Breast cancer has the highest incidence of all types of cancer in women. Age and family history are the strongest risk factors, but sex hormones also play an important role, as demonstrated by epidemiological studies reporting a consistent association by reproductive personal history and breast cancer risk. The acceptability of preventive strategies by healthy women is closely related to their lifetime risk of developing breast cancer. Although surgical prevention may be considered in carriers of BRCA1/2 mutation, this option cannot be advocated for the majority of women whose risk is only moderately increased. In these women, chemoprevention with tamoxifen may reduce the incidence of estrogen receptor (ER)-positive breast carcinoma by 30-50%. Other drugs such as raloxifen and aromatase inhibitors (AIs) are currently being tested in this setting. Tamoxifen has been the most successful hormonal treatment over the last 30 years and, until recently, the most active drug in endocrine-sensitive breast cancer. In premenopausal breast cancer, tamoxifen still represents the therapy of choice, alone or in association with ovarian suppression. Conversely, in postmenopausal women it has been overtaken by third-generation AIs as first-choice drugs both in the adjuvant and metastatic settings. Many other issues, such as the optimal sequence between tamoxifen and AIs, the duration of AIs treatment, and the association of ovarian suppression and AIs in premenopausal patients still await the completion of randomized clinical trials. Furthermore, it is likely that treatment tailoring will be increased by the definition of patient subgroups that could derive larger benefits from AIs (progesterone receptor-negative, HER-2-overexpressing) or other new drugs.

Antihormones in prevention and treatment of breast cancer

BIGLIA, Nicoletta;SISMONDI, Piero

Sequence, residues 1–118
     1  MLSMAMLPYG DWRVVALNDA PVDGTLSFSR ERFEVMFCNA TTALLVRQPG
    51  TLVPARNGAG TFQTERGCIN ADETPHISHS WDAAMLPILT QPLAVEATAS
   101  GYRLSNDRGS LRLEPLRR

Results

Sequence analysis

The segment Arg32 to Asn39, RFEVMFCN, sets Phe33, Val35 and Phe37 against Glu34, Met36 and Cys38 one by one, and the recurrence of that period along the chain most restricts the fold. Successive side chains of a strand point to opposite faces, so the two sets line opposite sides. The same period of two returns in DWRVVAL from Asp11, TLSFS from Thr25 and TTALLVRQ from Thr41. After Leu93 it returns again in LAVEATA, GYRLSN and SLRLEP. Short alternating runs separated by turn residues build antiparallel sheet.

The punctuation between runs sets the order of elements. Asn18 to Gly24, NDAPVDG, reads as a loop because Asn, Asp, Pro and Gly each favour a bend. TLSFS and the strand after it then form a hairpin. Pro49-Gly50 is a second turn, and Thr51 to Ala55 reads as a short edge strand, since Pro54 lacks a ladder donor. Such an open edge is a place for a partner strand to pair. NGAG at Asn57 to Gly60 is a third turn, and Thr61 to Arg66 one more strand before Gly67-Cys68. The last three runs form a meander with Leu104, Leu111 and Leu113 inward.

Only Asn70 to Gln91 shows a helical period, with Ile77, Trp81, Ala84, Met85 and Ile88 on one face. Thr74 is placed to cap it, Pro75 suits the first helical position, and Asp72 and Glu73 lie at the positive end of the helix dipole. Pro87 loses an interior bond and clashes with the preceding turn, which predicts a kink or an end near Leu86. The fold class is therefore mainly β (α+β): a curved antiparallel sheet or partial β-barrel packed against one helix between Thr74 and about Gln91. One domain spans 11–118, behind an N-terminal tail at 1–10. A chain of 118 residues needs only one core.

2006

Abstract

Breast cancer has the highest incidence of all types of cancer in women. Age and family history are the strongest risk factors, but sex hormones also play an important role, as demonstrated by epidemiological studies reporting a consistent association by reproductive personal history and breast cancer risk. The acceptability of preventive strategies by healthy women is closely related to their lifetime risk of developing breast cancer. Although surgical prevention may be considered in carriers of BRCA1/2 mutation, this option cannot be advocated for the majority of women whose risk is only moderately increased. In these women, chemoprevention with tamoxifen may reduce the incidence of estrogen receptor (ER)-positive breast carcinoma by 30-50%. Other drugs such as raloxifen and aromatase inhibitors (AIs) are currently being tested in this setting. Tamoxifen has been the most successful hormonal treatment over the last 30 years and, until recently, the most active drug in endocrine-sensitive breast cancer. In premenopausal breast cancer, tamoxifen still represents the therapy of choice, alone or in association with ovarian suppression. Conversely, in postmenopausal women it has been overtaken by third-generation AIs as first-choice drugs both in the adjuvant and metastatic settings. Many other issues, such as the optimal sequence between tamoxifen and AIs, the duration of AIs treatment, and the association of ovarian suppression and AIs in premenopausal patients still await the completion of randomized clinical trials. Furthermore, it is likely that treatment tailoring will be increased by the definition of patient subgroups that could derive larger benefits from AIs (progesterone receptor-negative, HER-2-overexpressing) or other new drugs.
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PONZONE R; BIGLIA N; JACOMUZZI ME; MARIANI L; DOMINGUEZ A; SISMONDI P
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Utilizza questo identificativo per citare o creare un link a questo documento: http://hdl.handle.net/2318/41066
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